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Sunday, August 28, 2011

Art and Recipes

Freight 445

I have become a pickling diva.
Two weeks ago, I held a paste-paper making workshop. If you read my blog, you already know this. Here’s what you don’t know unless you were there!!!  While we were working on our award-quality papers, we got to talking about pickling. Yep, as in sweet, dill, using cukes, watermelon rind, green tomatoes. Pickling, a skill I’d been saying for years I wanted to learn to do from scratch.
On-line, I could never get past all the Department of Health-type instructions about canning the pickled product.  Way to much fuss for yours-truly.
So as I was saying, we’re talking, and Oliver tells me the simplest basic recipe for pickling juice:
One part vinegar + two parts water + spices to taste
Fill glass jar (yes, glass, you want your pickling to taste like plastic?) with prepared item to be pickled.
Pour juice over items until they are completely covered. Put on lid; skip the whole canning thing--> store in fridge.
Pickling, who knew it was just that easy?
Since then I have made some good pickled watermelon rind, some totally delicious sweet and spicy pickled eggs and some over-the-top Brian’s Mustard-pickled cantaloupe. Isn’t thinking like an artist amazing? “Spice to taste” becomes whatever the heck we want it to be. Yummy.
Now 4 more about the art.
I’m all for making stuff from scratch. Except when I’m not.
A few years back, wonderful artist Helen Schaffer Garcia taught me to make my own paste for paste paper using corn starch.  She whipped up a batch right there on her kitchen stove. Rockin’. I knew I’d never do it. I never would have ground my own lapis lazuli to get a Vermeer blue, either. Just saying.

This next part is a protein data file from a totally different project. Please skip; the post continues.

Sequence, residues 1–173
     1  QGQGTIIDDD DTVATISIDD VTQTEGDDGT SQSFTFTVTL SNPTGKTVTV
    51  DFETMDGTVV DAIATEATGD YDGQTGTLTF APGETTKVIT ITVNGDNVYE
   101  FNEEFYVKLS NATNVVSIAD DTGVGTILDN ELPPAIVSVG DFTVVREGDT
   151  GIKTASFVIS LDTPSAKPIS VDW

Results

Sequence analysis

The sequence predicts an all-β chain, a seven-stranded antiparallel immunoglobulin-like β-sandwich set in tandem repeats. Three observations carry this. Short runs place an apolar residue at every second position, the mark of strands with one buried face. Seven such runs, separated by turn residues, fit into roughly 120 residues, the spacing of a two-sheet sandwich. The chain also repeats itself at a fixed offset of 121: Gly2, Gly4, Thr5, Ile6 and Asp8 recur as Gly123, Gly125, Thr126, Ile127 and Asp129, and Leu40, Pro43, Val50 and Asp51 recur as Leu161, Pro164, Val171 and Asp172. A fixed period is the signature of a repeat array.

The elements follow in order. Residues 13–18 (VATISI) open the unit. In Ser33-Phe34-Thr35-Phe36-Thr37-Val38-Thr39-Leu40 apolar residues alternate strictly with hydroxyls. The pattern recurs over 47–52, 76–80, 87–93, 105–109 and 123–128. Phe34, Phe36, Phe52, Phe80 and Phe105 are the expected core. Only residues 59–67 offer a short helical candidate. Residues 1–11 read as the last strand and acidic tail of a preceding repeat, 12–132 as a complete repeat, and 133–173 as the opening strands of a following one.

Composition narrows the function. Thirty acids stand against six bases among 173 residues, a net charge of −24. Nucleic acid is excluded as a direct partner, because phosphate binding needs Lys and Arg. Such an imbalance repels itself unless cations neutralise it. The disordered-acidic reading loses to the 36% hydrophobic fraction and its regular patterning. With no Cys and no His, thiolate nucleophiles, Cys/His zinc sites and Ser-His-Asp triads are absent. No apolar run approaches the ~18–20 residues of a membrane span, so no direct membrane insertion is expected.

Still, I love the paste paper effect, so when I found a workshop with another wonderful artist, Al Rodriguez, I signed up. “Give it another try”, I told myself, “Maybe you’ll be more inclined to cook your art supplies this time,” I posited. Well, Al had it goin’ on in a way I could fully embrace. No cooking, just mixing. The rest is history…
Al’s recipe for paste-paper, plus tips from me
One part pre-mixed Universal Wall-Paper Paste “For all wall-paper and all wall surfaces”
One part pre-mixed tempera, color of your choice
Mix well (now here come my tips) in small batches, no more than a cup at a time, no more then 3-4 colors at once unless you’ve got lots of other folks partaking with you.
DO NOT EAT this stuff.
S’long ‘til next time,

Sunday, August 14, 2011

Me and the New Blackberry

Cellie Installation-will go on display with other tributes to recycling in Oct, 2011

I knew I was in for it when I opened the instruction booklet on my new Blackberry and the font was size 8—if even.   I’m thinking I’m gonna need adaptive equipment just to get started.
O.k. I was born smack in the middle of the baby-boomer years, and I do feel a certain sense of demographic entitlement. I’ll admit it. Font size 8? Come on—I thought 12 was marketing industry standard.
Marketing? Huh? This is an instruction booklet, right?  Ha! 
I open the teeny booklet and realize that T-Mobiles’ priorities are to sell me more apps. Hello, 411-connect, please: I can’t yet use the ones this gadget already has!
Forever, I’ve been adamant that I want my cell phone to be just that: a phone. No apps, no internet-connection.  Hold the camera, please, don’t need it.
Texting? Had my current phone for 3 years before a family emergency pushed me to learn the texting feature it contained.  Did ya notice I just wrote 3 years? Not a typo.  I’ve now had the same cellie for 6 years, and maybe I should have been upgrading all along as my cell company’s been suggesting, but why? My cellie works fine and there are already enough of other peoples’ old cell phones taking up space in my art studio, waiting to be transformed into the next Great American Sculpture.
Back to the Blackberry. I have been assigned one as standard equipment needed for my work. All well and good. But the training component (also standard) hasn’t caught up with the delivery of the hardware. I’ve got this new puppy. Haven’t been able to make a phone call with it—or answer one either, for that matter.  Would love to enjoy it’s “awesome” features as much as my co-workers are enjoying theirs. Maybe next week?